“Buzzed” About Wellbeing
It’s 10.45 AM on Wednesday 25thApril and there is already a queue signing in to the first ever BHappy Hub wellbeing gathering. Over the course of the next four hours around 50 members of the Kings Heath community and around a dozen “wellbeing providers” congregate at the Hazelwell Hub in Kings Heath, Birmingham to exchange ideas about wellbeing. And, it has to be said, to enjoy some rather delicious food cooked and provided by a volunteer fondly known to the community as “Uncle”. In case you’re wondering, it was a delicious lentil curry with rice and a fresh garden salad on the side.
The event is the brainchild of Dr Asfia Aftab who has been a GP for over 20 years now. You could say, Dr Aftab is a “Village Doctor”, because she likes to make a clear distinction between the medical and social needs of her patients. She has a vision of a space where they can go and have conversations about taking control of their wellbeing through an organic, developmental process. Firstly by “Being Heard”; then by “Being Relaxed”; “Being Brighter” (both in and out of doors) and then finally “Being Together”.
These four stages of progression to improved wellbeing will resonate with anyone familiar with the “Ways to Wellbeing” model. However, what is truly inspiring about Dr Aftab’s interpretation is that it allows the person to define for themselves what their journey to wellbeing feels like. As such, the Happy Hub team respond to these conversations by collaborating with members to run “pop up” sessions where .. well, any goes really (within reason of course). The result? This is not a predetermined, ‘cookie cutter” process and there is no prejudgment about what is needed. In the BHappy Hub space the person learns they are not so much a patient as they are active members and contributors. They are, as we like to say, “real people in a real place”. During this inaugural session there was a real buzz as members flowed through the space and sample the various activities on offer.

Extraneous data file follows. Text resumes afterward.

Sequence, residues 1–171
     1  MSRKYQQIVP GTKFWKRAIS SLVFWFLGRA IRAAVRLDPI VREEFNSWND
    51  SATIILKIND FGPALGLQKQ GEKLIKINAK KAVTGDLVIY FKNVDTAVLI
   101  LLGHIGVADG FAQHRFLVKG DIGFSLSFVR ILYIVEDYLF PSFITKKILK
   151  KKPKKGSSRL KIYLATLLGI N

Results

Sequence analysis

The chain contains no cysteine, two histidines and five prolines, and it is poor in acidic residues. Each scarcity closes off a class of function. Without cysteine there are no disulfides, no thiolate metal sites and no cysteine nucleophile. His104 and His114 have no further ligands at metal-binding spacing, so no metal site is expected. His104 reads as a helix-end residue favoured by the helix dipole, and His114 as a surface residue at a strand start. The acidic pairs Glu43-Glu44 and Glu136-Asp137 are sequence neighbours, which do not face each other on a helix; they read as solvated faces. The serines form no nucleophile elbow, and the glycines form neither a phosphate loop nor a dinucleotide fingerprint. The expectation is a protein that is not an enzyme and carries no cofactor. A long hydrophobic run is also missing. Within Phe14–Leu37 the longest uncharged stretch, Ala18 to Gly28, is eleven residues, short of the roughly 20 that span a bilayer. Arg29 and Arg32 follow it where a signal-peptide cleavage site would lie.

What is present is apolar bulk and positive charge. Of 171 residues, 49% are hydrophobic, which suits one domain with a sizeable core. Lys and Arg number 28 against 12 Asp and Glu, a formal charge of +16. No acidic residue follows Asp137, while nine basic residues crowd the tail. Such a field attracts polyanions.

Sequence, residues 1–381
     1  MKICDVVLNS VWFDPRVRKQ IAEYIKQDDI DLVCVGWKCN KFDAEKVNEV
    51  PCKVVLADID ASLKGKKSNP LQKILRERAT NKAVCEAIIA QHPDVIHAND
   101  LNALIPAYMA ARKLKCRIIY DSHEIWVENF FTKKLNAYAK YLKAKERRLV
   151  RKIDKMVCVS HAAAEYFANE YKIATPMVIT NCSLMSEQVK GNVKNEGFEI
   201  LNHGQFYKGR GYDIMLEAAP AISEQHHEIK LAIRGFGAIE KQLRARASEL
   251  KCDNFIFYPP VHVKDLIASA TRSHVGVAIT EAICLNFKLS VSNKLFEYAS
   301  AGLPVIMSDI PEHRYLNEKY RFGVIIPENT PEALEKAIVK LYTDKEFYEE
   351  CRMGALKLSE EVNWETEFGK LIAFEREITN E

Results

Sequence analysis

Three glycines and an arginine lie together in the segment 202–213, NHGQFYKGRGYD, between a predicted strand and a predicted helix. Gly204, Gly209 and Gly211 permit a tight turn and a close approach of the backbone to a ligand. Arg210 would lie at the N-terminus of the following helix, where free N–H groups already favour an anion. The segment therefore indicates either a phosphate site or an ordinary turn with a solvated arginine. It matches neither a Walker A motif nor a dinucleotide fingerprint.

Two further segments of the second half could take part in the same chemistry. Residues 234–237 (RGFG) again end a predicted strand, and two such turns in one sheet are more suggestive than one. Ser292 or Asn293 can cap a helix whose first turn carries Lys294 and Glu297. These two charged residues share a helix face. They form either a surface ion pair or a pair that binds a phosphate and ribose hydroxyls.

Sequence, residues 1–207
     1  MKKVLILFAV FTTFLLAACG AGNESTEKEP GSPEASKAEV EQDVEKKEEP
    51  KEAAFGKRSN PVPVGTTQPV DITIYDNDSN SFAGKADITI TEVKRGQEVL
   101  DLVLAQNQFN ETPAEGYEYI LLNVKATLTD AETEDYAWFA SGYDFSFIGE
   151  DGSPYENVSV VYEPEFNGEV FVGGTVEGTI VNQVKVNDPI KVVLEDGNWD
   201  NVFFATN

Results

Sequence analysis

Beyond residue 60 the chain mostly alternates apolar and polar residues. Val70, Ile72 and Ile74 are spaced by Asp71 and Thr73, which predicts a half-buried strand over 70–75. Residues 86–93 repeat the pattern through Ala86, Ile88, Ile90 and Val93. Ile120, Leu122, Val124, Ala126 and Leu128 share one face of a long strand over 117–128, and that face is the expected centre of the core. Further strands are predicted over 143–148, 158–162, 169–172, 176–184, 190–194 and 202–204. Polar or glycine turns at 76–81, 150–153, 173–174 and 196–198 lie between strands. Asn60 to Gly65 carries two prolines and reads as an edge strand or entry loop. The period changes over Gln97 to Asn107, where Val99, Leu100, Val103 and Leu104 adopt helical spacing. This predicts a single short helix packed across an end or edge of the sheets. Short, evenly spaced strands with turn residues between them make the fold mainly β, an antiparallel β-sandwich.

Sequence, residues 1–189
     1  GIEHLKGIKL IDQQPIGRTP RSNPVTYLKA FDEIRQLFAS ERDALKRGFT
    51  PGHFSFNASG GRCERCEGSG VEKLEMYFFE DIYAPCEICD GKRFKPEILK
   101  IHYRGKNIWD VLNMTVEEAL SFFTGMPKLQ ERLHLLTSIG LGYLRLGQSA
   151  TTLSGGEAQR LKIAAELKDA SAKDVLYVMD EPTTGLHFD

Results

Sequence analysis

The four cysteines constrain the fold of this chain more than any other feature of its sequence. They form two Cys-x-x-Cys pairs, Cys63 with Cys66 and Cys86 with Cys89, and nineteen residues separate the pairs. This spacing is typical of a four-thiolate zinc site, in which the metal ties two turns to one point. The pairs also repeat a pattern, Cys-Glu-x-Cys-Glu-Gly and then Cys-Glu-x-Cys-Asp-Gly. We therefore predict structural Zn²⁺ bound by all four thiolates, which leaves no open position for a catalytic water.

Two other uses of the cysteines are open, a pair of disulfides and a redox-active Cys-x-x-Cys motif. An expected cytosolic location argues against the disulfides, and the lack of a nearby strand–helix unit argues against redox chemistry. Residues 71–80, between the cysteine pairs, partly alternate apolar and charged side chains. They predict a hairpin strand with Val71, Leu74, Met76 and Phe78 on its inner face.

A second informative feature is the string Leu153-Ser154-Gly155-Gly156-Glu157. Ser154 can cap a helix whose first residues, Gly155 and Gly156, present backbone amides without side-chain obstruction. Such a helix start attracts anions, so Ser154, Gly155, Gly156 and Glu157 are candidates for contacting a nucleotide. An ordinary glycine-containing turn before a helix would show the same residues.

More “Members” Than “Patients”
The feedback was encouraging, with 95% of the participants scoring the session as either excellent or very good. The format comprised “main stage” talks on a range of wellbeing topics. These included “Mindful Eating’ by Bushra Siddiqui, a dietician. There was yoga by Dionne Roberts; and “The Psychology of Wellbeing” by GP, Dr Mohan Singh. There was a fascinating session on how singing improves breathing and helps manage respiratory conditions by May McDermott and Sarah Wright-Owens from the British Lung Foundation.
Throughout the event, members then had the opportunity to circulate through a range of conversations at variously themed tables hosted by artists, horticulturists, hypnotherapists and so forth. For our part, we hosted a table where participants talked about the things they would like to see in future Happy Hub sessions. What we learned from these conversations was that whichever path brought them to this moment, the participants all enjoyed a sense of membership and empowerment. The energy in the room was palpable; contagious even.